I think that is enough about the game to-day which did not lack much of being a runaway contest. I prefer to talk about the series as a whole and that means I want to hand the Reds a few bouquets. They played eight games and they played great ball in all except one and one-half. They had excellent team work. Their fielding was better than I was given to expect. Their batting was timely. They failed to crack except in the two instances I have just referred to during the last two games in Cincinnati, and to back all that up, they had an excellent pitching staff. I don’t know another club in the country that can boast of six first-string pitchers and Cincinnati can.

If the Sox did succeed in hammering a Cincinnati pitcher, Morgan could pick a good relief man without impairing the strength of his staff or using up the man he had selected for the following day. On the other hand, Gleason had only three pitchers, Cicotte, Williams and Kerr. His relief pitchers, James, Wilkinson, Lowdermilk and Mayer, were not effective. They also lacked control and when one of Gleason’s big three was knocked out, Chicago was through as far as pitching was concerned.

Daubert and Weaver.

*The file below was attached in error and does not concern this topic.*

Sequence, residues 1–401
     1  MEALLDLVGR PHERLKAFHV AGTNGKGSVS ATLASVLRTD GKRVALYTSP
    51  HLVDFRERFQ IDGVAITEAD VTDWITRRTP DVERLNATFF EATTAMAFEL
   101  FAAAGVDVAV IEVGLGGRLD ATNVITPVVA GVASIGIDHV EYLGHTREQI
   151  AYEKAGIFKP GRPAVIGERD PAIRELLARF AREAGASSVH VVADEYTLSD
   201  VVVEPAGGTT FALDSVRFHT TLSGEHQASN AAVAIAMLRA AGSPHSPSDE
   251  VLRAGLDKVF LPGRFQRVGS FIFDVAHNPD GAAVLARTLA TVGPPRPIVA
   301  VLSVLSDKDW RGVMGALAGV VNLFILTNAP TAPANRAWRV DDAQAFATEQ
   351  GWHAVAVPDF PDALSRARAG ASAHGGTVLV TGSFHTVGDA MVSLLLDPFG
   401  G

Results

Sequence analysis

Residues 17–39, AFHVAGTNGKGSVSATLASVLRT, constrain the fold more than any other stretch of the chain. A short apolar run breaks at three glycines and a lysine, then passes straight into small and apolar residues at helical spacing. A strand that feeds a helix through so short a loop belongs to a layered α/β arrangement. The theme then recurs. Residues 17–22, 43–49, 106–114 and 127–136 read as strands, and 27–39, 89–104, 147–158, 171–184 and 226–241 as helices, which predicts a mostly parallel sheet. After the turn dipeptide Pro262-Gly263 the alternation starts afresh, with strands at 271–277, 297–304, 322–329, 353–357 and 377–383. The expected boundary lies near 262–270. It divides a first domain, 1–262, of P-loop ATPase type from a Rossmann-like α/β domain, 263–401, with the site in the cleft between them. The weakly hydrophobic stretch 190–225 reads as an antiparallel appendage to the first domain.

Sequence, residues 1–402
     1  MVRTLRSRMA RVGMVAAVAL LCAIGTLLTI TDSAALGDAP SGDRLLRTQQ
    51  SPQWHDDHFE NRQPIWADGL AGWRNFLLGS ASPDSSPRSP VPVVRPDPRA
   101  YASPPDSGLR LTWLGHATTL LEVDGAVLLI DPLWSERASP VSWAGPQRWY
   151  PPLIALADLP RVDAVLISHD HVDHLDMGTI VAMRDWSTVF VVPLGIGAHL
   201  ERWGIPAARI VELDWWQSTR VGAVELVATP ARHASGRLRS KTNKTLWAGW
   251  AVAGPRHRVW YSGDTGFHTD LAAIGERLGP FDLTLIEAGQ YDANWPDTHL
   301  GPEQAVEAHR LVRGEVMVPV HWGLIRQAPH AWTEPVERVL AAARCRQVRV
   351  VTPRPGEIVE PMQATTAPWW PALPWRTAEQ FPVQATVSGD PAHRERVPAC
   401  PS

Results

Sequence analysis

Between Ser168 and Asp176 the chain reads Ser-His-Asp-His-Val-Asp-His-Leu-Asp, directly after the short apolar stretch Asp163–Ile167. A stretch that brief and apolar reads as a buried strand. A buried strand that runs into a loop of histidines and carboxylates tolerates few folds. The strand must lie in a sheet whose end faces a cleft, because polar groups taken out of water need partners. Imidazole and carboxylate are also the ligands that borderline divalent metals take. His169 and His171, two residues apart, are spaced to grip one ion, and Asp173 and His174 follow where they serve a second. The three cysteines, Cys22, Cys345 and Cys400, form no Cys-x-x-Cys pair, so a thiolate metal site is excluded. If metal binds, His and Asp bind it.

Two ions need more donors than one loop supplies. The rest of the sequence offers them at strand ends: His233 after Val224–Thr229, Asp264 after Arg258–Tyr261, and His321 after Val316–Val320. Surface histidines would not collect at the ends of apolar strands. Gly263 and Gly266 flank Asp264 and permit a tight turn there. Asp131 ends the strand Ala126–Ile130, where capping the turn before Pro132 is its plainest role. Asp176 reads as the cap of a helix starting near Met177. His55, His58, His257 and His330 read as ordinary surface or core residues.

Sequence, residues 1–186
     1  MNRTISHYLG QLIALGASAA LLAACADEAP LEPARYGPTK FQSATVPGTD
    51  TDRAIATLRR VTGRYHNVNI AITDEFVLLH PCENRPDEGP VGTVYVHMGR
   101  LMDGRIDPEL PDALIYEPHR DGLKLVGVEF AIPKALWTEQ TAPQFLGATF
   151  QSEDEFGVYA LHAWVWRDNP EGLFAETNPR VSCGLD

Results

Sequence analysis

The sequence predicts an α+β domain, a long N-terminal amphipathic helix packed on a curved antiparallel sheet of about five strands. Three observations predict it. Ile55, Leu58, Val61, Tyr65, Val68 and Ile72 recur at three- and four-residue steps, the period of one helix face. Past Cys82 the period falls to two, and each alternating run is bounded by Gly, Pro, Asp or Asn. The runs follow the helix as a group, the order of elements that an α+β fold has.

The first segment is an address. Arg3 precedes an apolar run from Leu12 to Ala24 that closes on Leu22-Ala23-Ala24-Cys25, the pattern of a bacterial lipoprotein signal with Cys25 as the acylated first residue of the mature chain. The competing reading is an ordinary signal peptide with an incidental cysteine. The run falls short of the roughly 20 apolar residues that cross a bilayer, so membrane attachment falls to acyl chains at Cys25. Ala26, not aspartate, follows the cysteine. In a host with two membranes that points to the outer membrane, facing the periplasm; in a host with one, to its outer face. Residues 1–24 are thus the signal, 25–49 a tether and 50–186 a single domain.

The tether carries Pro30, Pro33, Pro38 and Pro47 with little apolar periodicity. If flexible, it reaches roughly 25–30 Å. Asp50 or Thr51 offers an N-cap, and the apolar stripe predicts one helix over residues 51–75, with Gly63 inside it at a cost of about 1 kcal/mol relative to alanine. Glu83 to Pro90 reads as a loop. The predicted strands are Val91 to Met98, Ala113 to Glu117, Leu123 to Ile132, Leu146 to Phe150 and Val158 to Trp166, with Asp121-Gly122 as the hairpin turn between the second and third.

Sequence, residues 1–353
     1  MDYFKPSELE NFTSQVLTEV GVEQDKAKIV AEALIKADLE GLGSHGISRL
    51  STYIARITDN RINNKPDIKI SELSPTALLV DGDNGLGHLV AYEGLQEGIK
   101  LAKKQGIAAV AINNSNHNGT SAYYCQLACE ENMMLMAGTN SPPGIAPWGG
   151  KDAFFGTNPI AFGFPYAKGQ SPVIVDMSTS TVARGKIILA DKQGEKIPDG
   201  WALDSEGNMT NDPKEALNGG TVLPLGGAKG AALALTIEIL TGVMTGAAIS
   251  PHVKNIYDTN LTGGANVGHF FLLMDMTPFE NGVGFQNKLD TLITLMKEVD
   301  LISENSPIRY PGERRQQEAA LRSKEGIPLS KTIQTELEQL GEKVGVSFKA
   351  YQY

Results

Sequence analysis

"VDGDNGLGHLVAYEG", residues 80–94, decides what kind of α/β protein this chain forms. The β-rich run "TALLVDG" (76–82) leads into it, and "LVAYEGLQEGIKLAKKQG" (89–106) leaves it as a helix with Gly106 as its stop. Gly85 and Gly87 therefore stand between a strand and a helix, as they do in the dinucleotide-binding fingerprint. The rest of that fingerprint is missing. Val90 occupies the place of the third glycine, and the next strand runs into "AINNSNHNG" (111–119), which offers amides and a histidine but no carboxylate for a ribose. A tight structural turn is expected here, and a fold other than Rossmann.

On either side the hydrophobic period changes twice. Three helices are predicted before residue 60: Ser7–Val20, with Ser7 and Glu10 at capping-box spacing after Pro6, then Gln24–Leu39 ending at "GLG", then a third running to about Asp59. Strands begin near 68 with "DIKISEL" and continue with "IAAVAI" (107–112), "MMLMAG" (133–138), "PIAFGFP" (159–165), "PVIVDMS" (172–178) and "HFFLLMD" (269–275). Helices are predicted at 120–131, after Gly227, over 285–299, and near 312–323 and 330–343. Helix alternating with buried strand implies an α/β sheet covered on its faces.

In picking the stars of the series, I will take Jake Daubert, of the Reds, and Buck Weaver, of the White Sox, with Dick Kerr and Hod Eller carrying off the honors among the pitchers.

My selection of Daubert may occasion some surprise, but I think I am supported by the actual play by play detail of the eight games. Not once when called upon to sacrifice did he fail. He was one of the hitting factors in three of the Red victories, while his fielding around the first sack has never been surpassed in a world’s series. Of course, I cannot but give credit to Eddie Roush for some wonderful work in center field, as Eddie made some of the most sensational catches I ever witnessed. At the same time Eddie had his faults, and when it comes to consistency I think Daubert leads.

Buck Weaver was the White Sox star for the reason that he hustled just the same when the Sox were being beaten as he did when they were ahead. In short, he played the same game during the series that he did all year. Eddie Collins also fielded spectacularly and did his share of hustling, but he was unlucky in hitting the ball right at some Red. But for that misfortune I might have to shift the honors from Weaver to Eddie.

The reason for picking Kerr and Eller is obvious. Kerr was the only Sox hurler to win two games, and he did it in the face of lack of confidence in him by his own team. As for Eller, I pick him because he pitched the most marvelous game of the series and came back with but a brief rest and again beat the champions of the American League.

Without any doubt I take off my hat to him as one of the best pitchers I ever have seen in action. I take off my hat to the Reds as a team composed of hard-working hustlers, who played great ball and deserve the honors they took down today when they trounced the team that beat the one managed by me out of the pennant in the American League. I also take my hat off to Pat Moran, who gave Cincinnati its first pennant in fifty years and molded an aggregation of discards into a smoothly running baseball machine.